In Odds 777 (Odds 777, 1932) Liva Weel plays a middle-aged cook, who becomes a cabaret singer. Her spiritual youth is stressed in her relationship with the film's young lovers, whose union she secures, but also in her ability to save her lover from ruin by riding his horse to victory at a derby. The character's breadth is emphasised through the variety of her musical numbers, from love ballads - in which she laments her lack of sex appeal, melancholic mood and the impossibility of a romance above her station - to the black humour number, 'Dr0mmer man om den' (If you dream of that, you'll ne'er wake up again), in which she mocks the bourgeoisie. This last number is out of character and unrelated to the narrative, but it is an opportunity to display a satirical dimension to her star image.

Apart from dealing implicitly or explictly with the coming together of classes and lifestyles, the character musical comedies develop a distinctive populism through placing emphasis on a single performer who spans class, gender and age norms while also allowing the star to demonstrate the different dimensions of his or her persona.

Figure 14 Riding to Victory: Liva Weel saves her lover from financial ruin in Odds 777.

Romantic Musical Comedies

According to Rick Altman, the celebration of courtship is integral to US popular culture and is the determining factor in many film musicals' subordination of other storylines to a love plot.12 He argues that the plot structure of the Hollywood musical is based on a central male/female dichotomy, which establishes a parallel principle whereby the musicality of one lover is mirrored by the musicality of the other. The structure subsequently cues the viewer to focus on the suitability of the lovers for each other and anticipates their romantic union. Danish romantic musical comedies, however, place less emphasis on heterosexual coupledom.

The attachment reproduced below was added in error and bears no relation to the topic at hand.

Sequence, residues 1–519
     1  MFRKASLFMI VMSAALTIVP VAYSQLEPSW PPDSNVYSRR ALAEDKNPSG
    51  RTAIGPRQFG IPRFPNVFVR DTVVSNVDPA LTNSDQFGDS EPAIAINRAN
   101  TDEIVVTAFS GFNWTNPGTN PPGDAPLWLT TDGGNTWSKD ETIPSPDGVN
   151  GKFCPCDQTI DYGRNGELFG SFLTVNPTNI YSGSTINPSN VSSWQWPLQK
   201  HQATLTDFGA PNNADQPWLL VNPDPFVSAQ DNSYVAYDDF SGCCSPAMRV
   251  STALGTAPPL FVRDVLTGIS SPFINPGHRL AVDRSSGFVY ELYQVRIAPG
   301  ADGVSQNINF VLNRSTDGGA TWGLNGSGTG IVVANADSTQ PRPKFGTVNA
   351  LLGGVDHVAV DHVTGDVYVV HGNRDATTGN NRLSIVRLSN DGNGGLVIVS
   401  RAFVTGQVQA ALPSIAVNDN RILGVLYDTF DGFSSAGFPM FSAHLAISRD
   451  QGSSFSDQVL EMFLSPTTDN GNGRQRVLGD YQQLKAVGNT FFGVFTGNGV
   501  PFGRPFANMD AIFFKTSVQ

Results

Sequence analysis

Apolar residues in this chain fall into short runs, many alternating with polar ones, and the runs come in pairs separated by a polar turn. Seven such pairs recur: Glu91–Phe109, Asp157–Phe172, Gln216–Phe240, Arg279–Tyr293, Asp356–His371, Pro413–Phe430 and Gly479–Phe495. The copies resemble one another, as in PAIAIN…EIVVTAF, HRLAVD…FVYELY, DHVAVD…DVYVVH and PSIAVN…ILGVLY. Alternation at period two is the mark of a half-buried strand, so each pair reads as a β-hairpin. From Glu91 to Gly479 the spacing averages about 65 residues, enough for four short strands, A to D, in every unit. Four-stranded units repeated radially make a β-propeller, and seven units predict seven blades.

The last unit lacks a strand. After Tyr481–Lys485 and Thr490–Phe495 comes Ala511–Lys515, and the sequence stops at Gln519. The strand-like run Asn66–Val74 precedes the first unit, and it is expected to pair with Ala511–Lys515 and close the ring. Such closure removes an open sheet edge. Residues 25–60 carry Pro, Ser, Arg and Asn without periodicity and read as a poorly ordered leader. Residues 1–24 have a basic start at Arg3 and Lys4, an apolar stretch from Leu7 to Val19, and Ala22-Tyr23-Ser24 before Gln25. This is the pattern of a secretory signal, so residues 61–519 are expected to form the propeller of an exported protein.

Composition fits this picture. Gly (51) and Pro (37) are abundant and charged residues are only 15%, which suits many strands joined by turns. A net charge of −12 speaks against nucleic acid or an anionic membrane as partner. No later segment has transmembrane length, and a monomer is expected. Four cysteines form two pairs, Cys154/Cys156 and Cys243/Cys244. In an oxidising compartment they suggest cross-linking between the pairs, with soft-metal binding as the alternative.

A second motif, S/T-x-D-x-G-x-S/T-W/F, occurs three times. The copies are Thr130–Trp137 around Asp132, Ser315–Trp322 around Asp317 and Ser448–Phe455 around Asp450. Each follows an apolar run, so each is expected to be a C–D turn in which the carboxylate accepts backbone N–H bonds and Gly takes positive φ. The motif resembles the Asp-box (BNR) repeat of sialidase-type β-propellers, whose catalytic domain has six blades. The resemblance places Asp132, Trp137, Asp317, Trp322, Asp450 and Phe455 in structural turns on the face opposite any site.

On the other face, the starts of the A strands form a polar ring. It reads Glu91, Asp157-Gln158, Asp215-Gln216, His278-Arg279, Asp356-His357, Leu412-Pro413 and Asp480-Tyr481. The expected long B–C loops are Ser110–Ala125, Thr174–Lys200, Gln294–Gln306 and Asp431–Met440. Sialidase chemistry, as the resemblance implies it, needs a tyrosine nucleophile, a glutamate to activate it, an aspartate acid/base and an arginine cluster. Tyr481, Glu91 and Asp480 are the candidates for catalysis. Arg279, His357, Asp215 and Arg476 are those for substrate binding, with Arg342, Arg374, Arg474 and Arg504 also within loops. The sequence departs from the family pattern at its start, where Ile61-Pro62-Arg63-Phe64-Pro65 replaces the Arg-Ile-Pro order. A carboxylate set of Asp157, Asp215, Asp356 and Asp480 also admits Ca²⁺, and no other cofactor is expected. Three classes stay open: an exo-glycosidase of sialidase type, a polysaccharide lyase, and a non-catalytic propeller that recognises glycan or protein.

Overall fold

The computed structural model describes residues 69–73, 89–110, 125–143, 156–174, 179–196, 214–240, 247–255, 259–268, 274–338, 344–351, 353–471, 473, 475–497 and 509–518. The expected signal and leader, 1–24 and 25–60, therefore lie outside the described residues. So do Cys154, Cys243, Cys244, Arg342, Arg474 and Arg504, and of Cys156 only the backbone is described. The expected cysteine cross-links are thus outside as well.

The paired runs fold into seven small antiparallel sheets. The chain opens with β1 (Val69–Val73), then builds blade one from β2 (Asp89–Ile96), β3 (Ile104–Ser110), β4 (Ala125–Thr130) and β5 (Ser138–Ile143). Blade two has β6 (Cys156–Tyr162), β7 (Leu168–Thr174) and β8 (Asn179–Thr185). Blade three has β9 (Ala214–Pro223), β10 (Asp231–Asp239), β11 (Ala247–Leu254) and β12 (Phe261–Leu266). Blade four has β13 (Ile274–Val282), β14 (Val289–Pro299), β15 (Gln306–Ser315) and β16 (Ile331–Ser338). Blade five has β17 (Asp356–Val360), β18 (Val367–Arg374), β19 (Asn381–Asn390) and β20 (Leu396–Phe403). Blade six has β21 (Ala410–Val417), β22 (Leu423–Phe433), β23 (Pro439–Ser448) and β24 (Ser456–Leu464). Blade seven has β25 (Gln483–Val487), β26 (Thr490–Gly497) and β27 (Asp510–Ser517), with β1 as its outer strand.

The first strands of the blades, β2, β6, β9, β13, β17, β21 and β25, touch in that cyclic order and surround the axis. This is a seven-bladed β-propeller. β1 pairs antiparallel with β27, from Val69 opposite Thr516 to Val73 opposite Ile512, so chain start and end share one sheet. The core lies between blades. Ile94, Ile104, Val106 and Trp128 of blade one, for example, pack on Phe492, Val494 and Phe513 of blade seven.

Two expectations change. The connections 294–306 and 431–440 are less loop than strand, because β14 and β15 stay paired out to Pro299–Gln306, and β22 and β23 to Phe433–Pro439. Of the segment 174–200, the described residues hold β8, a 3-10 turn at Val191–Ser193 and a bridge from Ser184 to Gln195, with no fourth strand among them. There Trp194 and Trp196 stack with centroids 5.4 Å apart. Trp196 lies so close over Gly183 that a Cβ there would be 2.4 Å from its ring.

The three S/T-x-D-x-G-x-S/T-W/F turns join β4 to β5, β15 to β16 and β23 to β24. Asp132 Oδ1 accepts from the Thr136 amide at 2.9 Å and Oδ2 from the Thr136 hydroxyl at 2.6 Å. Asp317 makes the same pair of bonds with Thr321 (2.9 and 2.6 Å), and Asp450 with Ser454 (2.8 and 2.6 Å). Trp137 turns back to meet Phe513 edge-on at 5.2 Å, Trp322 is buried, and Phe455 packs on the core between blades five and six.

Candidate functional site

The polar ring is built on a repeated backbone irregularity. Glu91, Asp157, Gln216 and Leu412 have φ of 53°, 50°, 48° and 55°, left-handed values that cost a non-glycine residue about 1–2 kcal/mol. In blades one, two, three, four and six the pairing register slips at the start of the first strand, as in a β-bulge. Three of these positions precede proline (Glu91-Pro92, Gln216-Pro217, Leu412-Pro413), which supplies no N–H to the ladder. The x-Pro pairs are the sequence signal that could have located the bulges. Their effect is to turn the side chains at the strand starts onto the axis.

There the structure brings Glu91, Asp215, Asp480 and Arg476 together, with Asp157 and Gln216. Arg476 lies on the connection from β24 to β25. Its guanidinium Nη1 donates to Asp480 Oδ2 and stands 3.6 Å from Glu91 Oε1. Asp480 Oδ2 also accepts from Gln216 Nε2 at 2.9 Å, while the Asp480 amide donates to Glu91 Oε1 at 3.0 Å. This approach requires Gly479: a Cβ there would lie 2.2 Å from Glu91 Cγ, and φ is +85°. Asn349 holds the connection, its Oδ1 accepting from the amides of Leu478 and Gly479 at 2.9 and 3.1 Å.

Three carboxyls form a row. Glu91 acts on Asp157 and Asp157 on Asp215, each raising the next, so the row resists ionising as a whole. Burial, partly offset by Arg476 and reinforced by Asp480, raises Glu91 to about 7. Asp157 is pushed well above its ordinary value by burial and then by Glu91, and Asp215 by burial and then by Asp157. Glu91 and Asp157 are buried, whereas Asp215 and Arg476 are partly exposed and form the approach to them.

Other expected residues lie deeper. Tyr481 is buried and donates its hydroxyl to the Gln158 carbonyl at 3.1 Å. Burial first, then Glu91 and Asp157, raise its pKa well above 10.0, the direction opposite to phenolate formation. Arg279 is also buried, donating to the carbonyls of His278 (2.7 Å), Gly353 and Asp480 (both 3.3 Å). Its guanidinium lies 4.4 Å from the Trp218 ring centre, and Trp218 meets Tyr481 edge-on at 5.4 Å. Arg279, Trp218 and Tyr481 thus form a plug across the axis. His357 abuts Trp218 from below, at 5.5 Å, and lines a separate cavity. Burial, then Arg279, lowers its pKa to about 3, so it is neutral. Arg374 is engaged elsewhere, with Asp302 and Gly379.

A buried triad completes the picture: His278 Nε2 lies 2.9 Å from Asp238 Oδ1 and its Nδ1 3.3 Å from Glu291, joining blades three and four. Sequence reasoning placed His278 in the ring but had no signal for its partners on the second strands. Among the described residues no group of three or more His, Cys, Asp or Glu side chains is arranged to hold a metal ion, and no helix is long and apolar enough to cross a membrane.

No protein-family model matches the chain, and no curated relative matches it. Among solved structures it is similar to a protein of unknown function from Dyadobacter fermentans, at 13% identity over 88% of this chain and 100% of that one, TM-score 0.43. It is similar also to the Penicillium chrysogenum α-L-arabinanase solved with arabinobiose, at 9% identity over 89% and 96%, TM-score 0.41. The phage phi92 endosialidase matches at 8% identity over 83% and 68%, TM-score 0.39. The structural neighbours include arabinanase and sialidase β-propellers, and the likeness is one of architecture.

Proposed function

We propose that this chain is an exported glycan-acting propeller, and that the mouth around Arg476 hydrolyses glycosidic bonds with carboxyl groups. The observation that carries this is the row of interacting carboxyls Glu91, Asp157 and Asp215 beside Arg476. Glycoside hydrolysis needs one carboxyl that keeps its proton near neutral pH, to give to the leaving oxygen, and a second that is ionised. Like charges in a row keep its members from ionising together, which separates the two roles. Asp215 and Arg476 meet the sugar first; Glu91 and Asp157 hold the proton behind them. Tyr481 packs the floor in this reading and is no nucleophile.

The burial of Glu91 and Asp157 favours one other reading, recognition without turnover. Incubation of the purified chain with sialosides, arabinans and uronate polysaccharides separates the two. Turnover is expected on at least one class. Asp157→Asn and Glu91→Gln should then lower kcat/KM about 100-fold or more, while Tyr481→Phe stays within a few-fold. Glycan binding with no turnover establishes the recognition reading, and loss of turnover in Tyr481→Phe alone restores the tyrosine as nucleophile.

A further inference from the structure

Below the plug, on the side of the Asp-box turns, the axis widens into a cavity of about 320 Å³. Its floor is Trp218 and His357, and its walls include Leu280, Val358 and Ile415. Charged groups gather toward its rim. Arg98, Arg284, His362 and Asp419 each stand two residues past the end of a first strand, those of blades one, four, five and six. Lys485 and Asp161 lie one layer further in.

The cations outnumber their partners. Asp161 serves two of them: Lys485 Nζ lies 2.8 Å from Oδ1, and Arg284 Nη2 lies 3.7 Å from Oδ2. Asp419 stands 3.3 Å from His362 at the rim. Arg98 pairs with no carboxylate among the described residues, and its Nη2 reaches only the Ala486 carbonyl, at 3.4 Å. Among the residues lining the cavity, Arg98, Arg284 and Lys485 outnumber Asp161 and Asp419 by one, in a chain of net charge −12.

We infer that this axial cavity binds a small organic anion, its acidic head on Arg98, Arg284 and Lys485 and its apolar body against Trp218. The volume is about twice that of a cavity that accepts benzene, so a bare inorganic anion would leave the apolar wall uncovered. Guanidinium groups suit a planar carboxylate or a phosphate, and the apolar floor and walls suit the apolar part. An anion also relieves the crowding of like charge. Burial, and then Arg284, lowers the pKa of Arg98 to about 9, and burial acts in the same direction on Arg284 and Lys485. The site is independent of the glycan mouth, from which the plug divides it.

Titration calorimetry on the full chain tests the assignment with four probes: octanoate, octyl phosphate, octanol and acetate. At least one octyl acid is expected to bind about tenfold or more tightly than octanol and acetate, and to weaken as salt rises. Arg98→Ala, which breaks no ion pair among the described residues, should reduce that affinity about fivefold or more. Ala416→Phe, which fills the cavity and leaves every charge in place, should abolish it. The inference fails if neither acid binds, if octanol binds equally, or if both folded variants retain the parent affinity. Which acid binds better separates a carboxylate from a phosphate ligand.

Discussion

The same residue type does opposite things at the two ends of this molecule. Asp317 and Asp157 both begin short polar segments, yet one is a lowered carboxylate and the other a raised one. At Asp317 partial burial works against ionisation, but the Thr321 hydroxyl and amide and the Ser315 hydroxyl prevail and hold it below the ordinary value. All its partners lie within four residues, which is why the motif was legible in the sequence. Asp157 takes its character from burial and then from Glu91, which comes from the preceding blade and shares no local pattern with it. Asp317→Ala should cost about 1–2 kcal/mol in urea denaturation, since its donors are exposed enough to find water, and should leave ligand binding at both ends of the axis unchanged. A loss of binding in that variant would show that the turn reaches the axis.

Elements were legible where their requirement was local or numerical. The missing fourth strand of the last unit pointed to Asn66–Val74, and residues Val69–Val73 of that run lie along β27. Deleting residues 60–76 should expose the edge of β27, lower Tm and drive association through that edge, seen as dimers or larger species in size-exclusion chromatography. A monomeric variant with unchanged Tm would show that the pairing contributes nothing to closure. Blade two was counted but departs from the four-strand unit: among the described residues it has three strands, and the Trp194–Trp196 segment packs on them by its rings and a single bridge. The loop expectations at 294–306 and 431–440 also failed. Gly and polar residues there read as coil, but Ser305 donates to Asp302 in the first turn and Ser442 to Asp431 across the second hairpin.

For example, the film 7-9-13 (Knock on Wood, 1934), is about Peter, a failed composer, played by Eyvind Johan-Svendsen, who takes out a suicide contract with two insurance swindlers. Having agreed to kill himself within the year, he then changes his mind when he falls in love with Molly (Solvejg OderwaldLander), a girl performing in his ailing show. Their love is demonstrated musically in two songs in which their individual musical expression is harmonised. In the first, while playing his compositions in a bar, Peter is asked by Molly to play something lighter. He does, she hums along, and he is inspired to write lyrics. In the second instance, during a private moment, they sing that song 'Det er dig'

(It is you) together. Later, Peter plays and Molly sings 'Kys mig, nar du vil' (Kiss me when you want to), which has a lightness signalled by the title but is here performed by Molly with an almost desperate vitality, connecting it to the unpredictability of the suicide plot.

The composer's efforts to stop the fatal contract cover the last quarter of the film in which there are no musical performances. Seen in the context of the other Danish musicals of the period, 7-9-13 seems almost bleak. The insurance plot remains unaffected by the musicality of the lovers, the composer's salvation is achieved through various entirely non-musical coincidences and, moreover, the musical show plot is left undeveloped after it has been established as the determining factor in Peter's desire to kill himself. Finally, and most interestingly, the musicality of the love plot never re-enters the film after 'Kys mig, nar du vil', although, unusually, the happy ending at a hot dog stand does contain a musical performance.